(source: Just One Cookbook)
Have you ever tried Kushikatsu? Kushikatsu, also known as Kushiage, is a famous and delicious Japanese dish of deep-fried meat and vegetables served on a skewer. In fact, kushi actually refers to the bamboo skewers used to assemble this dish and katsu refers to the deep-fried cutlets.
The dish is most commonly made with chicken, pork, seafood and a variety of seasonal vegetables. The ingredients are dipped in egg and flour, and breaded with panko then deep-fried to be golden brown.
Kushikatsu is said to have originated in downtown Osaka in Shinsekai in 1929, and was primarily made for blue-collar workers. The skewers made the dish a fast food of sorts and were both inexpensive and filling for the locals of the region. While skewers are popular across Japan, the Osaka region’s Kushiage is particular in a few ways.
First, they offer one type of ingredient per skewer, whereas other regions might interchange their meats with vegetables, or place more than one type of meat per skewer. Secondly, the Shinsekai skewers are generally a bit smaller than other regions, because it is customary to order several for each meal. Lastly, in Osaka, the skewers are served standalone and are usually dipped in a shared pot of sauce before eating, to thinly coat the skewer (double-dipping is strictly prohibited). Other regions are known to instead serve the skewers with ginger, sauces, or other meats on the side of the skewer.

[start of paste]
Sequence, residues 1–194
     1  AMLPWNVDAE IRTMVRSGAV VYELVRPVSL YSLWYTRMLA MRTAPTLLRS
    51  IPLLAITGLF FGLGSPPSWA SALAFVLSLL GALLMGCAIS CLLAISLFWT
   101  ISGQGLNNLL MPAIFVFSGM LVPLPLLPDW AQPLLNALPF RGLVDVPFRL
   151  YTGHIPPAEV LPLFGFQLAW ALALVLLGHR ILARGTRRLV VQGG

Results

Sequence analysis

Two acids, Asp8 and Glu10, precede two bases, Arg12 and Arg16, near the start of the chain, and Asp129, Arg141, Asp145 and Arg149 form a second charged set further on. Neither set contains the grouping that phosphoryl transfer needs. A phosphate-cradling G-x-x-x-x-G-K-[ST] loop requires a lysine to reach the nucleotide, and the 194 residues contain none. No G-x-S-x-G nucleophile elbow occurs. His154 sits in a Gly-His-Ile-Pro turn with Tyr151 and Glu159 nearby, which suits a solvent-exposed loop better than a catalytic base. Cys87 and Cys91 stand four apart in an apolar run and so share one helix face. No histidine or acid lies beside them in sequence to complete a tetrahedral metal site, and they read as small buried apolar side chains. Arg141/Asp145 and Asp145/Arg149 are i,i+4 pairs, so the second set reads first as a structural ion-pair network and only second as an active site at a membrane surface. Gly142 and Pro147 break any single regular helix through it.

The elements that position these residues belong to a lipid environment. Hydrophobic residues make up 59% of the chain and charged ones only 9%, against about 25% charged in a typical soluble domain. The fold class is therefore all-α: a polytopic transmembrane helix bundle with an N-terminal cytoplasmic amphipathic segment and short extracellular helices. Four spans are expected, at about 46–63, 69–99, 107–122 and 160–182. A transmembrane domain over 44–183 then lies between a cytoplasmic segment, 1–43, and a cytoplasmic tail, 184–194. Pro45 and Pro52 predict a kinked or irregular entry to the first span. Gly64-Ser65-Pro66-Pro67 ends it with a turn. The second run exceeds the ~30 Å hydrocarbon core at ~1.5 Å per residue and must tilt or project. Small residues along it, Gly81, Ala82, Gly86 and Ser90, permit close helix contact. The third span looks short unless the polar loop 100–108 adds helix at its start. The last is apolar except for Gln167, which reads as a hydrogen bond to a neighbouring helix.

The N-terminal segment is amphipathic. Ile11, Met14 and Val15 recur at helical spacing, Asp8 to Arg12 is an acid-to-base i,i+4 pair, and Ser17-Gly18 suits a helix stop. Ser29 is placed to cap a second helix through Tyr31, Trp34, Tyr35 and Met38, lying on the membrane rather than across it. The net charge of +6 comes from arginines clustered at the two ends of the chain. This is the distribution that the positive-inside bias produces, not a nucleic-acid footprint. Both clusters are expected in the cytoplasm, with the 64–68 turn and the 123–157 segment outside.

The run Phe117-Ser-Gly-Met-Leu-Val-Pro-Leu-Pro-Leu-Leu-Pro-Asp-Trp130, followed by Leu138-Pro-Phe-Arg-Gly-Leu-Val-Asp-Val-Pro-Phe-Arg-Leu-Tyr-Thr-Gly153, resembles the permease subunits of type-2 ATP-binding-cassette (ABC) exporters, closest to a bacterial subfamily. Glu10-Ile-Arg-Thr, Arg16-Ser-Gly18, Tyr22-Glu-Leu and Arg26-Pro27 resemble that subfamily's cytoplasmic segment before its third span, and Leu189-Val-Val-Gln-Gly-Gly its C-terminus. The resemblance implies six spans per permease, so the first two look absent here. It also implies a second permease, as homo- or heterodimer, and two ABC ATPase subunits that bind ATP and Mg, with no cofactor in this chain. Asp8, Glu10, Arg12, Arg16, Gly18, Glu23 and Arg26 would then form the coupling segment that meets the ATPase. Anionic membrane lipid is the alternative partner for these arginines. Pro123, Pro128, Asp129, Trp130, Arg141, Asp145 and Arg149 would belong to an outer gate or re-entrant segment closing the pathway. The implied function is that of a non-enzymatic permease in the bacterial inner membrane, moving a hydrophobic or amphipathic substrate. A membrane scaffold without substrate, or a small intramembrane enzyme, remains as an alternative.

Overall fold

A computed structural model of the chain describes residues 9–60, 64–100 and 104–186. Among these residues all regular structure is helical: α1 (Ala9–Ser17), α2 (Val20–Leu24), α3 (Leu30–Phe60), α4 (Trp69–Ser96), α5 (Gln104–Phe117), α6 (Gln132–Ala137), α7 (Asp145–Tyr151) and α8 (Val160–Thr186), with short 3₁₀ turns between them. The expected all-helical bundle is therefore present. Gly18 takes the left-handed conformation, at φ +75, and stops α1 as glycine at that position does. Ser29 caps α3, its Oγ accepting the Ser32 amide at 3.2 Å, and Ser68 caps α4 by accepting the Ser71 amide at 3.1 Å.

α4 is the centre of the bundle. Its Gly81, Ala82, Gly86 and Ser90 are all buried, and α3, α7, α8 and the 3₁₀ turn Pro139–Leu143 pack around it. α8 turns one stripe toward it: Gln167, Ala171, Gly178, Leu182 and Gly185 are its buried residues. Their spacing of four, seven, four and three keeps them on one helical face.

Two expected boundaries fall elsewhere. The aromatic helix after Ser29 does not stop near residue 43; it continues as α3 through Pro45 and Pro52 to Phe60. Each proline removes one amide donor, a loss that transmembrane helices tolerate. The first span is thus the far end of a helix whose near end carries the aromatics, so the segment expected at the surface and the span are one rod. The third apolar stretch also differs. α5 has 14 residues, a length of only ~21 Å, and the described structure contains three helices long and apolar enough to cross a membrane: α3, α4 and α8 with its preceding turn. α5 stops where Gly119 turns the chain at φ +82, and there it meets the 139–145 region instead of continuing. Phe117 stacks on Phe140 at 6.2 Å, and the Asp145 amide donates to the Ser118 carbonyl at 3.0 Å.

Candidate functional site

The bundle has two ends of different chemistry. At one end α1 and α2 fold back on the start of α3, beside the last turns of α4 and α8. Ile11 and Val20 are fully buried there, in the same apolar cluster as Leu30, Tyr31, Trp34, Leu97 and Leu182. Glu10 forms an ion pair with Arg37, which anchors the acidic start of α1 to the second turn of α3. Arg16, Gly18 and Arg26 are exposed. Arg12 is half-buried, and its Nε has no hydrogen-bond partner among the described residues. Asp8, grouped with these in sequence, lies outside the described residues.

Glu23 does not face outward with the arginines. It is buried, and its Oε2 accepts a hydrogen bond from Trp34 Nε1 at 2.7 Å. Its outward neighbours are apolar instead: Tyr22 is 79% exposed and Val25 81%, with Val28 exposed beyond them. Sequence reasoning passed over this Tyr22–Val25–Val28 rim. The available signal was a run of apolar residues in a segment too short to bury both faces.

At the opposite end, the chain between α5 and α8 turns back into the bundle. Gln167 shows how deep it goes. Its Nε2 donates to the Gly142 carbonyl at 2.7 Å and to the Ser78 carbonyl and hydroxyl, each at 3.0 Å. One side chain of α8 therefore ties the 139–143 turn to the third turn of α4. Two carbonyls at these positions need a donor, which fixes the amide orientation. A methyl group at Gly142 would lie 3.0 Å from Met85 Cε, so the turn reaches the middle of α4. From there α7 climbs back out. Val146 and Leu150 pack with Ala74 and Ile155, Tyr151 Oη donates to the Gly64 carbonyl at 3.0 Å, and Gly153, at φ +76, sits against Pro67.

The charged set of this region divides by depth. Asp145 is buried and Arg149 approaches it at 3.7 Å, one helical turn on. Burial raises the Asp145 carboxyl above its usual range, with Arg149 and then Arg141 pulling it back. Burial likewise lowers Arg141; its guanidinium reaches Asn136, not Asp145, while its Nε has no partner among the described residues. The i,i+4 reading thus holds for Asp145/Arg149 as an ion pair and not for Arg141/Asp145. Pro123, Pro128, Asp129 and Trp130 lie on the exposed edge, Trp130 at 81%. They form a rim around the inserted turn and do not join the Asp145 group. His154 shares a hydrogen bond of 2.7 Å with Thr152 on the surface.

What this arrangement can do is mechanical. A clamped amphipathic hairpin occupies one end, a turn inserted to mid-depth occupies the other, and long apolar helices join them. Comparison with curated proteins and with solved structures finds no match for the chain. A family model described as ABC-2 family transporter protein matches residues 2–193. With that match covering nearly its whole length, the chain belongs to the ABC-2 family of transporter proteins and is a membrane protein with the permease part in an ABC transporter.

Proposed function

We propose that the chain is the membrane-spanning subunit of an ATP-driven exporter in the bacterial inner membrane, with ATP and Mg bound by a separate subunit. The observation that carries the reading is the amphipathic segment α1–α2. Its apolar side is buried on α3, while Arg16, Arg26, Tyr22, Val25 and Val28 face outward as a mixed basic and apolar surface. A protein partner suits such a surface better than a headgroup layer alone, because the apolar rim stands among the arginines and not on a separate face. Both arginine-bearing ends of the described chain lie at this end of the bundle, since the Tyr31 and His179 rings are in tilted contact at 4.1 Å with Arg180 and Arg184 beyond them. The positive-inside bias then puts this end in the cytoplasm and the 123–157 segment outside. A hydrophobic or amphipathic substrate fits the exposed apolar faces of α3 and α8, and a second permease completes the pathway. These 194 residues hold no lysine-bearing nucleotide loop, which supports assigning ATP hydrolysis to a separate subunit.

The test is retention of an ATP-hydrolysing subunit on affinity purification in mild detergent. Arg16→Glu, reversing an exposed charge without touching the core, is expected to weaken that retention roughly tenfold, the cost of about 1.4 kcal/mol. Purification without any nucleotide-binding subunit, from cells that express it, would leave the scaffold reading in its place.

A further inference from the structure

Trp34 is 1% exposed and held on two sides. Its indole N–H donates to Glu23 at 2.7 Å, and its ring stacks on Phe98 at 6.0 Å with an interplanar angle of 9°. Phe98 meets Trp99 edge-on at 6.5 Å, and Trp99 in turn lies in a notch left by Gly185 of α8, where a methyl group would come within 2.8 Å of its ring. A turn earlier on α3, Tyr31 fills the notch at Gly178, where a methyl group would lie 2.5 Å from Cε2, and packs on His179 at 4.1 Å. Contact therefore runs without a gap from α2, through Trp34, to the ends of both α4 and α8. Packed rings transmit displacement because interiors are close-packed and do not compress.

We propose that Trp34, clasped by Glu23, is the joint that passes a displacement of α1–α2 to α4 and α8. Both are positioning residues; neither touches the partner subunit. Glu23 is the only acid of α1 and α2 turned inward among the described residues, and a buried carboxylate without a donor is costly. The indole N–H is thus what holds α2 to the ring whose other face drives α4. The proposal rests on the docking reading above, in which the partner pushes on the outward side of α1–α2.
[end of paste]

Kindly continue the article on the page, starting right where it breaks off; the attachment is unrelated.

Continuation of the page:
Some places in Japan offer Kushikatsu as a fondue-style meal, where you dip and prepare your own skewers at the table. If that sounds fun to you and you are ready to make this famous dish at home, here is a great video with the recipe for you to learn the ropes.
If you’re visiting Osaka and are looking for the best places to find Kushikatsu, give these a try!
- Daruma Shinsekai Sohonten is known as one of the most popular places to grab Kushikatsu in Osaka. There are 14 of these across the region, so it will be easy for you to access on your trip.
- Ueshima is located in Amemura, and they have no menu or price listed. The master chef will prepare the freshest ingredients they were able to find for the guests. When you are full, make sure to inform them! It is advised to tell the chef your budget in advance if that might be a concern, so he knows how to keep the experience in your budget.
- Rokkakutei Kuromon Honten is a more high-end Kushikatsu restaurant, with one-Michelin star. Similar to Ueshima there is no menu or price, and the day’s freshest ingredients are featured in the meal.
Let us know if you try (or make) any of these dishes by tagging Zojirushi on your photos with #zojirushiamerica on Twitter, Facebook or Instagram!